Gay couple holding hands beaten in London hate crime

Police looking for four men who launched 'unprovoked attack' on New Year's Day 

Lizzie Dearden
Home Affairs Correspondent
Tuesday 08 January 2019 11:35 GMT
Three of four suspects sought following homophobic assault in London on 1 January
Three of four suspects sought following homophobic assault in London on 1 January (Metropolitan Police)

Police are searching for a group of men who beat a gay couple after seeing them holding hands in London.

Police said the men had been holding hands on the Southbank - a popular tourism and arts hub on the River Thames.

They were walking near the National Theatre on New Year's Day when they were attacked by four men in an "unprovoked assault", which is being treated as a hate crime.

"The victims, aged 28 and 31, who were holding hands, suffered facial injuries and bruising in the assault," a spokesperson for the Metropolitan Police said.

"They did not require hospital treatment. The suspects are all described as white, aged in their mid-20s and wearing hooded tops. They left in the direction of the OXO Tower."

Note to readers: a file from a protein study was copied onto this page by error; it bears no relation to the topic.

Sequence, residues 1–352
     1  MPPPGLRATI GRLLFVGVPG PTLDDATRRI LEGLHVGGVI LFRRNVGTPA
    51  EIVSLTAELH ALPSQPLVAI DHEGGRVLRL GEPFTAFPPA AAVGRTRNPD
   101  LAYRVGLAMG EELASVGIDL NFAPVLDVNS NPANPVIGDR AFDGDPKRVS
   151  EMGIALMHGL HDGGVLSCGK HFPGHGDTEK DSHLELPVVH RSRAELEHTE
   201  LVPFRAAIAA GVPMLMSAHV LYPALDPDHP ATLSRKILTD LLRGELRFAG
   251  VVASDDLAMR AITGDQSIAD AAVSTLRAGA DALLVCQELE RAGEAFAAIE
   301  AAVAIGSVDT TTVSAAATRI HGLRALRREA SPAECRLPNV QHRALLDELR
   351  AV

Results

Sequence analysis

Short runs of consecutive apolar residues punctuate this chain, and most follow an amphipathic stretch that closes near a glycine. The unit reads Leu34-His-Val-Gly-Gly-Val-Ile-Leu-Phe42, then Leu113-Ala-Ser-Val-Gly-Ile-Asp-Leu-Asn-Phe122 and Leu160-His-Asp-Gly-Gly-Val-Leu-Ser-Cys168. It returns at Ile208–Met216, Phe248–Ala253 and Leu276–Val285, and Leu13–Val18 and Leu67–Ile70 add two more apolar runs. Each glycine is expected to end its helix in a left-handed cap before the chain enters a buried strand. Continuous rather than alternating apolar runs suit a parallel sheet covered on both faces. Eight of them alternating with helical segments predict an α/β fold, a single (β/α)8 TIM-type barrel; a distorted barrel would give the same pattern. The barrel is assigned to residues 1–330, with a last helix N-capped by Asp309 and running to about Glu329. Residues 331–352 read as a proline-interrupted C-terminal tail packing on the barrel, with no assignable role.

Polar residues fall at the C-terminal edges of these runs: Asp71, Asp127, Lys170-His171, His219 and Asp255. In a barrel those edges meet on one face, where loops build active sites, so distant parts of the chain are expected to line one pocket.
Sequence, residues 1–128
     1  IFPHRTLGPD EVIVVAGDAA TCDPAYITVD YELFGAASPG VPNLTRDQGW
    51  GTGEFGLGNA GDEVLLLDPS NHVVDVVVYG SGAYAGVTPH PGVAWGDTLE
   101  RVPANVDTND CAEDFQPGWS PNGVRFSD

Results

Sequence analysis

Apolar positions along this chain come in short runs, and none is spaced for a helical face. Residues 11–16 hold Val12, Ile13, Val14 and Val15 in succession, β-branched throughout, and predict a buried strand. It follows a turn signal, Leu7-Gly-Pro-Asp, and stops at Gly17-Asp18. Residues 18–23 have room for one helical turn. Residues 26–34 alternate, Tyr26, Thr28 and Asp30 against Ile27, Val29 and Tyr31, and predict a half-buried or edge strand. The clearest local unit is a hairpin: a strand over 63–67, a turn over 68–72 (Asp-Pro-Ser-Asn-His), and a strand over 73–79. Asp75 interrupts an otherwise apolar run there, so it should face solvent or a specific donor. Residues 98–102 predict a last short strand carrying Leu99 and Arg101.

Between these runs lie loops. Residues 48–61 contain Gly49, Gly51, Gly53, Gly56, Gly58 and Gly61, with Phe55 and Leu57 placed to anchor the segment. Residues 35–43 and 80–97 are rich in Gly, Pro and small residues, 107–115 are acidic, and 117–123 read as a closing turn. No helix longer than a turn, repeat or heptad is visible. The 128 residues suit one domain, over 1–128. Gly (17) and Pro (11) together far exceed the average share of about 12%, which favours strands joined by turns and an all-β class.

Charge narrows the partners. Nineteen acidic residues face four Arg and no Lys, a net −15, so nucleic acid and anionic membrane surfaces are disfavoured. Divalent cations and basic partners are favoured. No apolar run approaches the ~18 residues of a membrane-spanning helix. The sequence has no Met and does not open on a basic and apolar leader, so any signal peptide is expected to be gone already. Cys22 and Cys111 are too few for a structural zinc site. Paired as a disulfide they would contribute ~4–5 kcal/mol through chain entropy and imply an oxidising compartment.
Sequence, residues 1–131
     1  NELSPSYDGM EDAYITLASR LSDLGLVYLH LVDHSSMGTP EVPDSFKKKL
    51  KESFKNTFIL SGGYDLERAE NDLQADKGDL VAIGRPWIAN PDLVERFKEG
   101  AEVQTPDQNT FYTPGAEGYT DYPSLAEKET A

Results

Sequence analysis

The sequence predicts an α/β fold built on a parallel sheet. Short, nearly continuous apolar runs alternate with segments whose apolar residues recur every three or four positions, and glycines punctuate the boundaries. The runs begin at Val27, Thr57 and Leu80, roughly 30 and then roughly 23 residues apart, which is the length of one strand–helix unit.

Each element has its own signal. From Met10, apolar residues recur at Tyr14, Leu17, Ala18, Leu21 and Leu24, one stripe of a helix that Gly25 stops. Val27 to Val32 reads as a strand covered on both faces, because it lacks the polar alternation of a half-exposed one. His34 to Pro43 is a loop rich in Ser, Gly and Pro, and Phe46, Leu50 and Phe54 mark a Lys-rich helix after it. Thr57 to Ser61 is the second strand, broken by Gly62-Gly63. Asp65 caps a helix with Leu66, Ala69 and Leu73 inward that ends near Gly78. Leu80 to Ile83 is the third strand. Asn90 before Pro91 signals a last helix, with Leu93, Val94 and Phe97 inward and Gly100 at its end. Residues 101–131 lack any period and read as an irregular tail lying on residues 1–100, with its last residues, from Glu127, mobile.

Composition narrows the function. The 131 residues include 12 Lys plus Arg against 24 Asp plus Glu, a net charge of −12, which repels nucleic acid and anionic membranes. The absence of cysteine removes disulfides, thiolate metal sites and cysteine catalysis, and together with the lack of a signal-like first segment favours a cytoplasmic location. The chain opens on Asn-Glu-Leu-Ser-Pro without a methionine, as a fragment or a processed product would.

"Officers have issued images of three of the four suspects in a bid to identify them. The assault is being treated as a hate crime."

There have been no arrests and enquiries continue.

It came after the number of recorded hate crimes hit a record high in England and Wales.

Religiously motivated attacks have rocketed by 40 per cent in a year, with more than half directed at Muslims.

Police recorded a total of 94,098 hate crime offences – more than double the total five years ago – and all categories saw a rise.

Figures showed that 12 per cent of incidents were motivated by sexual orientation, up 27 per cent.

“This increase is thought to be largely driven by improvements in police recording, although there has been spikes in hate crime following certain events such as the EU referendum and the terrorist attacks in 2017,” the Home Office document said.

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Anyone with information is asked to contact police via 101, quoting reference 6108/1Jan, tweet @MetCC or call Crimestoppers anonymously on 0800 555 111.

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